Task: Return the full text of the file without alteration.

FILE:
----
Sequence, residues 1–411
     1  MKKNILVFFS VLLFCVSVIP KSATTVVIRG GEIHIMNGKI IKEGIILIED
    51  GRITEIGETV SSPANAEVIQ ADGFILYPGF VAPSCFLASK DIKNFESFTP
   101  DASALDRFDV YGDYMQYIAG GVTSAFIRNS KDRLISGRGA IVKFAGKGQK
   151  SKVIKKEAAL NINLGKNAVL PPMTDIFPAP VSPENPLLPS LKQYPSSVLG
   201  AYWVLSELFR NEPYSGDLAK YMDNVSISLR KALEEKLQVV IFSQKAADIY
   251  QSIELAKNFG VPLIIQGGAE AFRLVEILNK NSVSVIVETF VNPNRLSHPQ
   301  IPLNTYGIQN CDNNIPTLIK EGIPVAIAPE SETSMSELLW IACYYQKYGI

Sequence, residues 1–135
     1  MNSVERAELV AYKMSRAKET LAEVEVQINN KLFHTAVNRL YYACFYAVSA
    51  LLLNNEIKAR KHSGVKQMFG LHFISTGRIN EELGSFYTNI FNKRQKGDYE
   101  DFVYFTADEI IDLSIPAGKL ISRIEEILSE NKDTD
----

Sequence, residues 1–411
     1  MKKNILVFFS VLLFCVSVIP KSATTVVIRG GEIHIMNGKI IKEGIILIED
    51  GRITEIGETV SSPANAEVIQ ADGFILYPGF VAPSCFLASK DIKNFESFTP
   101  DASALDRFDV YGDYMQYIAG GVTSAFIRNS KDRLISGRGA IVKFAGKGQK
   151  SKVIKKEAAL NINLGKNAVL PPMTDIFPAP VSPENPLLPS LKQYPSSVLG
   201  AYWVLSELFR NEPYSGDLAK YMDNVSISLR KALEEKLQVV IFSQKAADIY
   251  QSIELAKNFG VPLIIQGGAE AFRLVEILNK NSVSVIVETF VNPNRLSHPQ
   301  IPLNTYGIQN CDNNIPTLIK EGIPVAIAPE SETSMSELLW IACYYQKYGI

Sequence, residues 1–135
     1  MNSVERAELV AYKMSRAKET LAEVEVQINN KLFHTAVNRL YYACFYAVSA
    51  LLLNNEIKAR KHSGVKQMFG LHFISTGRIN EELGSFYTNI FNKRQKGDYE
   101  DFVYFTADEI IDLSIPAGKL ISRIEEILSE NKDTD